Students give MasterClass an average rating of 4.7 out of 5 stars.

This class was AMAZING! A wealth of practical information. Ron Howard is quite generous with his knowledge. You can tell he enjoyed teaching this AND that he is also a "lifetime learner".

I don't know if the class has helped me improve on anything. But it was very enjoyable. Ron has a great way with the people he works with. As much as he gave, sign me up for Ron Howard (Master Class 2,3,4..)

The biggest thing this class has helped me improve is my sense of collaboration. Mr. Howard clearly explains how to communicate with each collaborator in the filmmaking process, and how vital each part is.

Hands on actor stuff really helped. In the future would love a class from an Editor as well,


Chad E.

All very useful information. Limitations, Financial or otherwise, can lead to some very creative solutions. There is still a great deal to be discovered in film making.

Sophia T.

Every statement is so profoundly substancial, that I really need to tune in carefully. He uses no verbal fillers, which makes all his wisdom in every lession feel really condensed. Such a pleasure to listen to him! Same with David Lynch, huge level of awareness! Totally blissed out. :-)

Pirsigs J.

Ron really speaks from the heart and I do understand what he is saying. His Masterclass would be truly masterful if there were, at least some, visual examples to accompany his vast experience to us newbies. Werner Herzog used some visuals from his movies making it his class more like being in a class setting. My deduction for the reason why there are no sample clips has to do with Masterclass having to pay for said clips making the cost of this class nearly prohibitive?

A fellow student

Average. I wanted to know more specific about lenses & lighting. He rightly said that you tube cn give this much info.

Launa B.

Allowing the light to become a character, and working with the light you have, instead of making it into what you need, is what many low budget film makers learn right away. Be efficient with the time and the available resources you have. Many good insights and ideas here Mr. Howard, thank you!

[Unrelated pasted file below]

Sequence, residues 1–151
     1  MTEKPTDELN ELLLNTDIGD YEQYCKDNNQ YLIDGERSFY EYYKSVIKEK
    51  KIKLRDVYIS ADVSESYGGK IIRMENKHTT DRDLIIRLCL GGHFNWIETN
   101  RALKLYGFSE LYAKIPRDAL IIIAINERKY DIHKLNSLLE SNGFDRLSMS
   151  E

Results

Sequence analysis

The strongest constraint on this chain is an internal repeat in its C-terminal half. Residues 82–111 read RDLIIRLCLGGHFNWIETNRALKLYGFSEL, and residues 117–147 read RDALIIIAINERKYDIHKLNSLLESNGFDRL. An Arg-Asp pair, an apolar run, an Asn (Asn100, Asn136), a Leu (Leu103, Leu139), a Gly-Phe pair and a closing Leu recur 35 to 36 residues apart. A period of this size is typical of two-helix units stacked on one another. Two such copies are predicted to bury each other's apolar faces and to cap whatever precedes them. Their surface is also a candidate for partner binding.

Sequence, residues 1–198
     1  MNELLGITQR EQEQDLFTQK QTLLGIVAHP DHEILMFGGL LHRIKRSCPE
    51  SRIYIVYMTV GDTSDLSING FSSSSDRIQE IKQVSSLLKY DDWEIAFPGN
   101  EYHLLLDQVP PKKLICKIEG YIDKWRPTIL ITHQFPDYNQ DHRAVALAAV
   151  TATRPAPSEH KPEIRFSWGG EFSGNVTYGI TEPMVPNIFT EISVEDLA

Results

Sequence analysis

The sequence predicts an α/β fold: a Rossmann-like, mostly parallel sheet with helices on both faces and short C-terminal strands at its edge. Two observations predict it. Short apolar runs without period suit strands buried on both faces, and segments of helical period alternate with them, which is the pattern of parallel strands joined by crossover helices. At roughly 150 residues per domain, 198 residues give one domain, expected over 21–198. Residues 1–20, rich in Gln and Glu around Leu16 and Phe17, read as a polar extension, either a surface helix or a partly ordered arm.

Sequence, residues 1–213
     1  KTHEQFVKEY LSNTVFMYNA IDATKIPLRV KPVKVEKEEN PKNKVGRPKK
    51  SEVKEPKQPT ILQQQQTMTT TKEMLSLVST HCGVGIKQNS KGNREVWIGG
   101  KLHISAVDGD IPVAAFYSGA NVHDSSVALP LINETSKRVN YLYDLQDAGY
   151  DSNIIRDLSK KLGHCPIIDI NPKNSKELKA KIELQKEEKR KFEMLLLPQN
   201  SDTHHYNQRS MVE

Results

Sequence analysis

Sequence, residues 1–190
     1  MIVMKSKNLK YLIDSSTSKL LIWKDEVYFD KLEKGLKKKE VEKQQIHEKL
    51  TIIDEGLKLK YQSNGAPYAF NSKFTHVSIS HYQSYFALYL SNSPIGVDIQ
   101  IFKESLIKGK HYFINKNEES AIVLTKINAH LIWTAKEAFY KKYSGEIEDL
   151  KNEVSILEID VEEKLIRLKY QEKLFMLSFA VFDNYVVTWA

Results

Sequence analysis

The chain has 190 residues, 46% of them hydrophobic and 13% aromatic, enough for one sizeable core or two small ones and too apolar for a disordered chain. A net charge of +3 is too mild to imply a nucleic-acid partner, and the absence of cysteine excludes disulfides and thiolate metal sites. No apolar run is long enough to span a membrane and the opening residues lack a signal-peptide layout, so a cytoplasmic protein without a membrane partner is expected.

Hossam L H.

That's amazing i have learned few tips and tricks, in Egypt its kind of the same like European DOPs . Egyptian DOPs work with light we don't control it. however when the director has a certain vision while the actor and the producer and of course the cinematographer approves. They might take up to half a day or more for lighting one scene, however i like natural looking lighting specially if you're not working on a fantasy or a CG driven movie. Ron, i love how you're passing on all your different experiences (even little tips like the David Fincher one) to us in a super friendly easy very easy to grasp way. HOSS Egyptian/British Actor and Director


We could really use some video examples while Ron is talking about his experience - this is actually what I miss the most from the classes

Elizabeth B.

Crashing in with handheld, simply means having shot the master in a perfectly planned and styled way, with an anchored camera, then having the DP "crash in" with a hand held camera, close to the actors, up close and personal, rouge if you will...a very different style, all in one scene. This course makes me wish with all my heart that I could intern with Mr. Howard...great to have this much film making understanding and love inside your not interned perhaps married


Working with the light as opposed to controling it. Sometimes one has to work fast and what one is presented with. Great insight from Ron!


Love the section about how European Cinematographers opt to use natural light in lieu of gaffing and lighting a shot. "Faster , more spontaneous results" albeit i would probably have a few bounce cards at the ready.